Sunday, January 17, 2016

Sunday Chess

What a great first round at Wijk aan Zee. The top section saw some solid chess, some inspired chess, and the odd blunder, while the b-tournament had no draws. My favourite player at the top is currently Karjakin, but he had to work very hard to hold a draw against Yifan Hou. However, a draw with black at this level is a good result. That is what Carlsen will be saying, as he drew with the black pieces versus Navara. Of course, Navara is no slouch ranked 25 in the world. The winners of the round were Caruana, So and Ding Liren, but it's a long way to go.

More immediate to us here is the Australian Junior Championships in Adelaide. A double round in the under 18 cleared some matters up with the top 2 seeds meeting. Ari Dale proved too good for Patrick Gong this time round, and Ari now sits on 3/3. Also on 3/3 is Tom Maguire, and these 2 meet tomorrow. In the under 16, top seed David Cannon has moved to 3/3. David Cannon has already been a national age group winner taking the under 10 title in 2011. Funnily enough, the second seed in this tournament, Kevin Willathgamuwa, won the under 8 title in 2011. Kevin had something of a disaster in the third round in Adelaide, going down to Victorian junior Heath Gooch. Heath is one of a number of talented players from the country Victorian centre of Mildura. Heath and his sister Aryn, as well as Liam and Zoe Harrison are the cream of the crop from Mildura at the moment, and it is great to see so many talented players from outside the main metropolitan areas. Heath now faces David tomorrow in the top board clash.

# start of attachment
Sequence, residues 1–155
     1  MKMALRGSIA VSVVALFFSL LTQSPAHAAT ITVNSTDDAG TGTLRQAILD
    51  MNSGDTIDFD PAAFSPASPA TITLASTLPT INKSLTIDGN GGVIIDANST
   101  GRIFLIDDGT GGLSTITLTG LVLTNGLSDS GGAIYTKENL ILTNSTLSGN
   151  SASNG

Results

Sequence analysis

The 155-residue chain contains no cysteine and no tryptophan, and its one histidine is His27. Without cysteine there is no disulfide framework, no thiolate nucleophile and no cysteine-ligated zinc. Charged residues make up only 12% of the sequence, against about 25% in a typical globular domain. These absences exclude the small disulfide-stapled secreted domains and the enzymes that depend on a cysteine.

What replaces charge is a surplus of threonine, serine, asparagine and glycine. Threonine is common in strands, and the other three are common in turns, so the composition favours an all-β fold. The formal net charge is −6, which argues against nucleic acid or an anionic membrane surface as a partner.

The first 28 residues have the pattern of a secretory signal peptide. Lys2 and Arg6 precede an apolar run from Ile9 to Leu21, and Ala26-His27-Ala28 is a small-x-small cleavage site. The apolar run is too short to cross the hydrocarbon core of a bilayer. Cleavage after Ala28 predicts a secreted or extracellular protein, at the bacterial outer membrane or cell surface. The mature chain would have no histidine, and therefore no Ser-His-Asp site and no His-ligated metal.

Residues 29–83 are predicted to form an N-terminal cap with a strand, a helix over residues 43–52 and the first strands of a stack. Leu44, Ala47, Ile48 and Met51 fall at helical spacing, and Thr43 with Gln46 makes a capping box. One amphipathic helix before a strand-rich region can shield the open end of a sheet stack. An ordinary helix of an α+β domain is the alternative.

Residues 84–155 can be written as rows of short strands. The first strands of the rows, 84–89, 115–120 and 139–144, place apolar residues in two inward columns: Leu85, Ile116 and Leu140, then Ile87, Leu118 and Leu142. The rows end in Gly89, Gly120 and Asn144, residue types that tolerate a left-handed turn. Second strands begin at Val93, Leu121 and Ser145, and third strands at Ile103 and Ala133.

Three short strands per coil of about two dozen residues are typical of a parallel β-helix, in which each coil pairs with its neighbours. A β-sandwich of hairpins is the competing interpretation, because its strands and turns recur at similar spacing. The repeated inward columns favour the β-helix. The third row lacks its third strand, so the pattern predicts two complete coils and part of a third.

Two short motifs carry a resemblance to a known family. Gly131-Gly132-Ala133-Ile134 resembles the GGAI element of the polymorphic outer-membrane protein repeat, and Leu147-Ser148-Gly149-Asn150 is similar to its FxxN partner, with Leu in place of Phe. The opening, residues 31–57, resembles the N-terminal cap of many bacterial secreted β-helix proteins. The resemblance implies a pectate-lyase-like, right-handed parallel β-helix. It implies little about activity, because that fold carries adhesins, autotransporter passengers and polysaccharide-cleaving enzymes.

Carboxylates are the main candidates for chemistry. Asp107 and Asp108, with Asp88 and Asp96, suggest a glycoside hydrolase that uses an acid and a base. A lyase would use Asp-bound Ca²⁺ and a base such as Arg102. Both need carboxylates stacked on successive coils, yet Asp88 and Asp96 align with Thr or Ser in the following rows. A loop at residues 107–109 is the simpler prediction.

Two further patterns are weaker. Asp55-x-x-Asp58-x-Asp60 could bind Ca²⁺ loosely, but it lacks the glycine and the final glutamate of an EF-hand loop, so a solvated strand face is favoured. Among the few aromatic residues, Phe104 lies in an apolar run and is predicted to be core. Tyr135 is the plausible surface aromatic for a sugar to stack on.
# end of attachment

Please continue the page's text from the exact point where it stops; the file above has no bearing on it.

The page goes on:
The first champions will be decided tomorrow in the under 10 and under 8 categories. The under 10 is tight, but IM Robert Jamieson's charge, Shawn Zillman, leads by half a point with 3 rounds to go. In the under 8's 3 players are on 5/6 and the title is wide open.

In the Willathgamuwa-Gooch game the following position was reached from an Advanced French.

Heath as black had just played 12..0-0, a novelty in the position, but not one likely to be repeated as black has castled into an absolute onslaught. However, Kevin couldn't find the way through and it was the white king that was checkmated in 9 moves! The obvious move is 13.h5, but white decided to transfer his queen to h5 to checkmate his opponent. A brilliant counter attack by Heath!

No comments:

Post a Comment